Chelsea Green Publishing

Chelsea Green Blog

This cake is so simple and yet so good: Medlar Cream Cake

If you’re looking for a simple cake to serve guests, try this medlar cream cake.

What’s a medlar? The fruit of the medlar tree, Mespilus germanica, tastes like lightly spiced apple butter scooped soft right out of the russeted skin.

The Occidental Arts and Ecology Center in California has a small but significant collection of these rare trees, which have been cultivated for over 3,000 years in Central and Northern Europe. They are one of the few fruits that ripen in cold winter conditions—a welcome Medlar treat for seasonal eaters during an otherwise fruit-scarce time.

Medlars, like Haichya persimmons, serviceberries, and some pears, must be bletted, meaning they must be chilled and overripened to render their otherwise astringent fruit soft and palatable. The first frost triggers or accelerates the bletting process by breaking down cell walls to release sugars and begin a mild fermentation. In modern times, pears and other fruits requiring bletting often have it done artificially for better control through refrigeration.

Below is the OAEC recipe for medlar cream cake, which you can find in The Occidental Arts and Ecology Cookbook.

This cake is so simple and yet so good— crunchy crust forms while the medlar pastry cream filling bakes into the center of the cake. Don’t worry if you have never seen or heard of a medlar! They are extremely rare and never sold at markets, but you might just have a neighbor that grows this long-forgotten fruit. You can make this cake without the medlar and still will have your guests oohing and aahing. For a gathering of 30 to 40, make two 12-inch cakes.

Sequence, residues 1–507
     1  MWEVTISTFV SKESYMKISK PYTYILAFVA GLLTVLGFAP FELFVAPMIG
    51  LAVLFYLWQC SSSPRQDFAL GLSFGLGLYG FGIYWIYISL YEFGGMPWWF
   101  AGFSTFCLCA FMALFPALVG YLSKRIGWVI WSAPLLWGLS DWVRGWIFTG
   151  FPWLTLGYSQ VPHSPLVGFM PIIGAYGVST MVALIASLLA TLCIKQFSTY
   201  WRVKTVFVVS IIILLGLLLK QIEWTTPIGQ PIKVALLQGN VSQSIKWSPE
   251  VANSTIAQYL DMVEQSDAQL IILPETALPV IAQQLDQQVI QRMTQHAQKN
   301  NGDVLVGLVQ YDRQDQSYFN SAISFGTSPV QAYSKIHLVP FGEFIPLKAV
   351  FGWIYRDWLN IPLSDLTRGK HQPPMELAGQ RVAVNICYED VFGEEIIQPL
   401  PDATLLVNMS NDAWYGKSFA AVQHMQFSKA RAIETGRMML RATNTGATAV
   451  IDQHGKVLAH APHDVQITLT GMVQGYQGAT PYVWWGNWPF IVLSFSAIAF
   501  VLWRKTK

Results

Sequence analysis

Serves 16

Makes one 12-inch round cake

Medlar Pastry Cream

13⁄4 cups whole milk

1⁄3 cup sugar, divided

3 large egg yolks

2 tablespoons plus 2 teaspoons cornstarch

2 tablespoons butter

3⁄4 cup medlar fruit, de-seeded through a sieve, or substitute dark apple or pear butter


2 cups (4 sticks) unsalted butter, softened at room temperature

2 cups sugar

4 large eggs, room temperature

2 teaspoons vanilla extract

21⁄4 cups all-purpose flour

2 teaspoons baking powder

1 teaspoon salt

1 cup medlar pastry cream or regular pastry cream

To prepare the medlar: Gather about a quart of bletted fruit. Medlar fruit is ripe when completely soft and squishy. We let the medlar blet or ripen on the tree, but you can harvest while firm and ripen in a cool room or fridge. The consistency is like pudding with a cluster of seeds. To get just the flesh with no seeds, push all the interior contents through a medium-sized sieve until you have 3⁄4 cup.

Place the milk in a heavy-bottomed saucepan with half of the sugar. Heat on medium just until it starts steaming. While the milk is heating, whisk the egg yolks in a metal bowl with the other half of the sugar and the cornstarch. When the milk is hot, remove from the heat and whisk a little at a time into the yolk mixture, until you have added all the milk. Pour back into the saucepan. Turn the heat back to low and stir constantly with a spatula. Watch for the pastry cream to thicken to the point that your stirring spatula will leave an opening to the bottom of the pot and the mixture is thick like a pudding—this will happen fast! Remove from the heat immediately. Stir in the butter until smooth. If you are using the medlar fruit, then add this now by folding into the pastry cream. Set aside in the refrigerator. This can be made up to 2 days in advance, stored in the fridge.